Corporate Manslaughter and Corporate Homicide Act 2007 - how could it affect my organisation?

Background

The Corporate Manslaughter and Corporate Homicide Act 2007 came into force across the UK on 6 April 2008.  Contrary to some reporting, it did not introduce any new safety laws or legal obligations but it has removed obstacles that had previously hampered the prosecution of, in particular, large companies. Prior to the introduction of the Act a company could only be convicted of the offence of "gross negligence, manslaughter" if a person considered to be the "guiding/controlling mind" of that company was convicted of the offence.  In essence, the guilt or otherwise of the company was directly linked to the guilt or innocence of the individual. While in relatively small companies it can be easy to identify a possible "guiding/controlling mind", for larger companies it could prove impossible, and therefore very difficult for organisations to be found guilty of the charge.

Understanding the offence

Under the offence companies will be considered guilty of Corporate Manslaughter where a health and safety failure causes a death which amounts to a "gross breach" of a "duty of care" to the deceased. A gross breach means the organisation's conduct has fallen far below what could have been reasonably expected. It will consider how the fatal activity was managed or organised throughout the company, including what safety management systems were in place and how these were operated in practise.  A substantial part of the failure within the organisation must have been at senior management level. The offence itself applies to, for example:

  • Corporations/Partnerships
  • Government Bodies
  • Police Forces/Unions

However, the offence does not apply to certain public and government functions whose management involves wider questions of public policy that are already subject to other forms of accountability. The Act also reclassifies safety as a "grave criminal offence" and will therefore be tried in court in front of a jury.  If convicted an organisation can expect penalties in the form of:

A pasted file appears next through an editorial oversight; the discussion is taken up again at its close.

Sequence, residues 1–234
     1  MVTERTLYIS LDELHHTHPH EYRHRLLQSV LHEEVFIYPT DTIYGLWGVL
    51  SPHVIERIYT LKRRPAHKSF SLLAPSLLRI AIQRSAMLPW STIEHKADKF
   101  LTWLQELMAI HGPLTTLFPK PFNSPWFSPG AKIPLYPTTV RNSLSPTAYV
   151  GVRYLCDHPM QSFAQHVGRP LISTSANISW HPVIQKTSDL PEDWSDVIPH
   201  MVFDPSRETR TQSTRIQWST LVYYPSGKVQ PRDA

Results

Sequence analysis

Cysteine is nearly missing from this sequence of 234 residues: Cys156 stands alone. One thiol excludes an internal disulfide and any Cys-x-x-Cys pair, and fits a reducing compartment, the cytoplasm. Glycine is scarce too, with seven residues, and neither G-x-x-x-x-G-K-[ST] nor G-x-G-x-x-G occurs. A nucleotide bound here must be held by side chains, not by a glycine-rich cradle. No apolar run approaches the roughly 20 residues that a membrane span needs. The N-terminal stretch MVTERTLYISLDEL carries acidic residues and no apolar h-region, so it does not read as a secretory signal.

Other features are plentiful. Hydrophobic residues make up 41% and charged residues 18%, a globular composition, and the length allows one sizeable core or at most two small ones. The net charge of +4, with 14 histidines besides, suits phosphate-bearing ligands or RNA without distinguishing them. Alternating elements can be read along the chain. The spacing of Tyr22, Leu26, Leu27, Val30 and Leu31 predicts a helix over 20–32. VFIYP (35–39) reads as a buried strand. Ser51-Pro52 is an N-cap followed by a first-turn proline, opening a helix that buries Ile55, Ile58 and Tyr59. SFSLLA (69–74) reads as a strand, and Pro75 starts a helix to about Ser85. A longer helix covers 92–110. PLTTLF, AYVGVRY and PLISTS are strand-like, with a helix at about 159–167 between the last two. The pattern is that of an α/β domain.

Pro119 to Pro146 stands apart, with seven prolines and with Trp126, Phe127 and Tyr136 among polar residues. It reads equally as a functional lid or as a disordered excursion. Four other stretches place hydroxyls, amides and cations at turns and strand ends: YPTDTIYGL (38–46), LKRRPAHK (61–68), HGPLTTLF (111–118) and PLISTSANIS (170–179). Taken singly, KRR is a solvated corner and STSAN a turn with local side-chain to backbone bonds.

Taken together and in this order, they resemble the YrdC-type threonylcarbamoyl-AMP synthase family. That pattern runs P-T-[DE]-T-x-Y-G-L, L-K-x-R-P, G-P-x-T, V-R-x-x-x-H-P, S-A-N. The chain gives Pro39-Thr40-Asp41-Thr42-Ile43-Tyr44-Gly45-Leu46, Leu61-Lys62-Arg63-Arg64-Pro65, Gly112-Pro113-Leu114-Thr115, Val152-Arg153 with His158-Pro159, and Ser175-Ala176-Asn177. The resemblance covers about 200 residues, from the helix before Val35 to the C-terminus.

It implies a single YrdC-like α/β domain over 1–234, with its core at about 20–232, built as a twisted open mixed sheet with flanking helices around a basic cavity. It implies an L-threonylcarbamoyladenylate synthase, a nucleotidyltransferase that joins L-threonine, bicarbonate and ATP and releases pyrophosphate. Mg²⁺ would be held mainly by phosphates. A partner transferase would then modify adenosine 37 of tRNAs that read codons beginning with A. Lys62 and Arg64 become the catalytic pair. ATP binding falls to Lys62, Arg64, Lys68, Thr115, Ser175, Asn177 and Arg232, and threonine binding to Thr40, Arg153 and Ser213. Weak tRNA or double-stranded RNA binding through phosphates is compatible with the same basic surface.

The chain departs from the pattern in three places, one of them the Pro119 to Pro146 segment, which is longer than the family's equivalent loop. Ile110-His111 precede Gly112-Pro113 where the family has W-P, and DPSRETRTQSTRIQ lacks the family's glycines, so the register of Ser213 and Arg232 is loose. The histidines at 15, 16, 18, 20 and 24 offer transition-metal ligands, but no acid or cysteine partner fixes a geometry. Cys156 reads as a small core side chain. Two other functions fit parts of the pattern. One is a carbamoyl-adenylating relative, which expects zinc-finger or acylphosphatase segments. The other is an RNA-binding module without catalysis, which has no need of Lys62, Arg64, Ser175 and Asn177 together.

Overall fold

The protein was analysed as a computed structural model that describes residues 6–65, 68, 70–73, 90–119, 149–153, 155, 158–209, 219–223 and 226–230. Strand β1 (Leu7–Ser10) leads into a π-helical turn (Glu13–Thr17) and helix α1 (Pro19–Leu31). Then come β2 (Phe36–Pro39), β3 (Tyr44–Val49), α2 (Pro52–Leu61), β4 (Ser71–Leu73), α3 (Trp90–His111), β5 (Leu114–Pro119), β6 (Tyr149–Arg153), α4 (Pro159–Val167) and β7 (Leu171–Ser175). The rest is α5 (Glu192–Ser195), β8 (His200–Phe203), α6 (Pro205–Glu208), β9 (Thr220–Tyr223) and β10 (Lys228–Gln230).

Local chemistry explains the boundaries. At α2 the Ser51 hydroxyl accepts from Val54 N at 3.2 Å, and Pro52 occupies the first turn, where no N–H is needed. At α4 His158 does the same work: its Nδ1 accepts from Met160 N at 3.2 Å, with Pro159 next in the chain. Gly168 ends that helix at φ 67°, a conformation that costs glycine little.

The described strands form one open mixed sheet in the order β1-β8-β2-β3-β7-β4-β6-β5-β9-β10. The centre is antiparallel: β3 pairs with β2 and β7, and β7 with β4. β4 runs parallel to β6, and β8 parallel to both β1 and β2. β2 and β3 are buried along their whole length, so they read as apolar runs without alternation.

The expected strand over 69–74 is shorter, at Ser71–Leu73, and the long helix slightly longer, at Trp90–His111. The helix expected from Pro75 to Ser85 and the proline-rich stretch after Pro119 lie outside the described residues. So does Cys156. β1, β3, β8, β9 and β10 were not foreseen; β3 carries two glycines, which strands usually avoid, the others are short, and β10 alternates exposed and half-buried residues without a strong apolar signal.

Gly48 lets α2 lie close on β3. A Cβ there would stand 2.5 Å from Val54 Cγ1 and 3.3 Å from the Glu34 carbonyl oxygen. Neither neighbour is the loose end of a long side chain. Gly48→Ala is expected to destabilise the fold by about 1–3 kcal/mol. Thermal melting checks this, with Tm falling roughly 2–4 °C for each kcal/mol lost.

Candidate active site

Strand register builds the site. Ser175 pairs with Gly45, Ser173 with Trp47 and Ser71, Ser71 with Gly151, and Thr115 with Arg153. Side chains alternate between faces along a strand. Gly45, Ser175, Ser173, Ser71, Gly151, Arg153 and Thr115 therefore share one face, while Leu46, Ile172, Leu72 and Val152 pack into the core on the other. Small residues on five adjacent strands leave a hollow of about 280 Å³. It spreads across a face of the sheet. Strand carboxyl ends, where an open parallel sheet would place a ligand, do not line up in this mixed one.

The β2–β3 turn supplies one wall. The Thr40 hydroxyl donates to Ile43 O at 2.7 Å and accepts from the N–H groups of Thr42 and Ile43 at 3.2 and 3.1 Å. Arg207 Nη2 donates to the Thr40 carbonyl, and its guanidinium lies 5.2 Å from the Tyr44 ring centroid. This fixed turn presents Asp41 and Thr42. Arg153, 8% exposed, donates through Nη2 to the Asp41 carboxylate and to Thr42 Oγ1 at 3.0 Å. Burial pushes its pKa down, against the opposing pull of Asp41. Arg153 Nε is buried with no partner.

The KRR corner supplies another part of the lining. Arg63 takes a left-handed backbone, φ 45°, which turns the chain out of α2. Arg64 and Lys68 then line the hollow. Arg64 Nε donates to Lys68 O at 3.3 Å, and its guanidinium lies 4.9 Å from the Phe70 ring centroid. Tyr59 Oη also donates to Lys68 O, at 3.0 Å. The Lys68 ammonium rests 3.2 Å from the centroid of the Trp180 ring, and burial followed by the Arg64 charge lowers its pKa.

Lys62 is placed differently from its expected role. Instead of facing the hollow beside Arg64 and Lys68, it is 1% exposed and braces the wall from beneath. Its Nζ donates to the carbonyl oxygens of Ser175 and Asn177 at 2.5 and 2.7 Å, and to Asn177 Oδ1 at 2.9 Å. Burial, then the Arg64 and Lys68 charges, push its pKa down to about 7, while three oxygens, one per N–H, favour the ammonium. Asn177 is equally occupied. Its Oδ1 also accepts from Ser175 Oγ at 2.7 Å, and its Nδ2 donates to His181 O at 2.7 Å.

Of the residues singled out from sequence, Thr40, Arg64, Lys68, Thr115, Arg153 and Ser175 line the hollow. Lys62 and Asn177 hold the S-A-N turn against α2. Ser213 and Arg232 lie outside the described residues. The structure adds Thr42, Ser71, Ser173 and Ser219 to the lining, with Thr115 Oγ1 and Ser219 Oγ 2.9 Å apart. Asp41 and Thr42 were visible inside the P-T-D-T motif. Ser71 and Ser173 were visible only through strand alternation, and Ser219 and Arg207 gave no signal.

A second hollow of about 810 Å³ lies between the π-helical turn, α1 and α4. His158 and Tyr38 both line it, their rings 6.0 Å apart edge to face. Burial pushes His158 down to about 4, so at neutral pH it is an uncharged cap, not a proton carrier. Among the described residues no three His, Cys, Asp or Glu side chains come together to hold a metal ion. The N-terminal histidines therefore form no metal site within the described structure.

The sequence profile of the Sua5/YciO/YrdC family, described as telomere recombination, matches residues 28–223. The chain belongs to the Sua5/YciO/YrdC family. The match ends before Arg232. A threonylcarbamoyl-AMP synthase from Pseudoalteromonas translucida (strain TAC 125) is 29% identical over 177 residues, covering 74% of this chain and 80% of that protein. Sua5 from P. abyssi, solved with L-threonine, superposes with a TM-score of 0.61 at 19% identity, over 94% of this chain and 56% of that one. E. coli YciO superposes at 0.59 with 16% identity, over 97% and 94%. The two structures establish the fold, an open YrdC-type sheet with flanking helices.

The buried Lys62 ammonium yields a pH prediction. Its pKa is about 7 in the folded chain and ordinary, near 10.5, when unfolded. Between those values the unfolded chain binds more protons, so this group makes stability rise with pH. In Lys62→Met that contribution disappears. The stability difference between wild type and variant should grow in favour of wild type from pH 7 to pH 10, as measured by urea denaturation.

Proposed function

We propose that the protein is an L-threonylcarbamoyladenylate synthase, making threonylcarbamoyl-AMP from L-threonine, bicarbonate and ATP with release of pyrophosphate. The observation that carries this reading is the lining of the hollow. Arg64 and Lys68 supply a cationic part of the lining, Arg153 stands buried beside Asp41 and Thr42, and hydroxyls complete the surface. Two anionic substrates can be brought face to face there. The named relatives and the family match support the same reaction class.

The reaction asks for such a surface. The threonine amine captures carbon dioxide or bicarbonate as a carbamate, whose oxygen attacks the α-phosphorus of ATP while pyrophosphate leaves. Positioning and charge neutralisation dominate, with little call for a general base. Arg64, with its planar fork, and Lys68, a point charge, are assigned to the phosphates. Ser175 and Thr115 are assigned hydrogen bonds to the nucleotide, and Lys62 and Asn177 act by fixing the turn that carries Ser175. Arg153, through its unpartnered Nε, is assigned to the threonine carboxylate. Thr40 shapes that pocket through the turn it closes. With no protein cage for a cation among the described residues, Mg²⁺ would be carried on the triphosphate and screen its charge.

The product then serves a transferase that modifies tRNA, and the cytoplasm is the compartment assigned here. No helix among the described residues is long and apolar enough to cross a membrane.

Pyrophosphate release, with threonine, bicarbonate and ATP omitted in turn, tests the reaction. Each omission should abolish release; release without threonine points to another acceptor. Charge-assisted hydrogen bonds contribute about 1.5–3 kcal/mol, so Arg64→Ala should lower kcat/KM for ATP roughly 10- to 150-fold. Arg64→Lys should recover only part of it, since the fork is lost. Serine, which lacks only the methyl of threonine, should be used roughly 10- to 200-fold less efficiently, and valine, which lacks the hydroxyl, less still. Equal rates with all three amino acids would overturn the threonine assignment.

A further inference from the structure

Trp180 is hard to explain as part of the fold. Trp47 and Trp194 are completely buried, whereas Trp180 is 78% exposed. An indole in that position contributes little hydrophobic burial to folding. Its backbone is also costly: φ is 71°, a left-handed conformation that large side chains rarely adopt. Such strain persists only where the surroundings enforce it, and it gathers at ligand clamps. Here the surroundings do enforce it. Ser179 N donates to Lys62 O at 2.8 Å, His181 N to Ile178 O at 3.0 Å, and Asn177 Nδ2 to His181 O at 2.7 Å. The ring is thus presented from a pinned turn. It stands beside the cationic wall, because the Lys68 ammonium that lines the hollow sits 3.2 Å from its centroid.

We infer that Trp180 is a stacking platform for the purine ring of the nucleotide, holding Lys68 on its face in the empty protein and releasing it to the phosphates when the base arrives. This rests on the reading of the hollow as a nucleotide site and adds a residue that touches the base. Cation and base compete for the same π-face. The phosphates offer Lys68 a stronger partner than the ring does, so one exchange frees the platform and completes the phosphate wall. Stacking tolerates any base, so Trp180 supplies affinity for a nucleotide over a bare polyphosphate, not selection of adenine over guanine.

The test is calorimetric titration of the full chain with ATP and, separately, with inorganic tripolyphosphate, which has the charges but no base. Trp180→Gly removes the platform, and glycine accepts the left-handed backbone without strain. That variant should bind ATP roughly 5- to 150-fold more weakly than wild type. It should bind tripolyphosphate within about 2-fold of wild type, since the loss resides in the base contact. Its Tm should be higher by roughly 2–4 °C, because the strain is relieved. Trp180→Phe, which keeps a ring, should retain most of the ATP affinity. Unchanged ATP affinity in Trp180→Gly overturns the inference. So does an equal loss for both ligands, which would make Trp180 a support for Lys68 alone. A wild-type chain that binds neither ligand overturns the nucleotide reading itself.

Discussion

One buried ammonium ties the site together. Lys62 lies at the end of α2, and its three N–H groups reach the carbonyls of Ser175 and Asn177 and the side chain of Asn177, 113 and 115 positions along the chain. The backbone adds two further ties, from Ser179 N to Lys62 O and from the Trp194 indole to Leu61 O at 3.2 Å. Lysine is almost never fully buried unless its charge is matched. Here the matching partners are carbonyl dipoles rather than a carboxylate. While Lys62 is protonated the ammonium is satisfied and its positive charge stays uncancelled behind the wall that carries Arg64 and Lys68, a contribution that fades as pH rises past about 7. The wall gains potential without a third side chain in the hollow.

• Unlimited fine
  • Remedial order - requiring the organisation to make good any health and safety deficiencies associated with the breach
  • Publicity order - the guilty party having to advertise the fact that it is a "corporate killer", together with details of the offence and any fines or remedial orders imposed. The court would order the manner in which the publicity order would be carried out. It could be the national press, television, radio, and, potentially, even annual accounts, or a combination of these.

On the 1st February 2016 the Sentencing Council introduced a new definitive guideline for the sentencing of health and safety offences, corporate manslaughter and food safety and hygiene offences. The guideline considers the seriousness of the offence in terms of harm and culpability, categorises this as either Category A indicate a high level of harm or culpability within the context of offence” or Category B “indicate a lower level of culpability” against which fines are calculated based on the organisation’s turnover. The fine offence range is between £180,000 and £20,000,000.

Considerations

Organisations with a good health and safety culture and effective management in place should see the Act as causing little change to the way they operate. The key is to look at the process of how the business organises and manages its activities and adequately risk assesses and reviews these on an on-going basis. It is not just about having a policy in place, but how that policy is considered and implemented within the organisation. Employers already have a legal duty to report certain accidents/incidents at work, including work related deaths. Charges for health and safety breaches may also be brought at the same time as a prosecution for corporate manslaughter and it should also be remembered that the Health and Safety at Work etc. Act 1974 also considers the liability of individuals (as does the sentencing guidelines). The Government stated "that the (new) offence is intended to cover only the worst incidences of failure and therefore cases of Corporate Manslaughter/ Homicide following a death will be rare."

This guide is of a general nature; specific advice can be obtained from Assurity Consulting. Assurity Consulting is the UK's leading independent compliance consultancy specialising in workplace health, safety and environmental solutions. We have over 30 years' experience of helping customers of all sizes, from across all sectors, manage their compliance responsibilities, making sure that their organisation is compliant, their employees are safe, their processes are cost effective and their management team is in control.

This guide is of a general nature; specific advice can be obtained from Assurity Consulting by calling tel. 01403 269375 or by email info@assurityconsulting.co.uk

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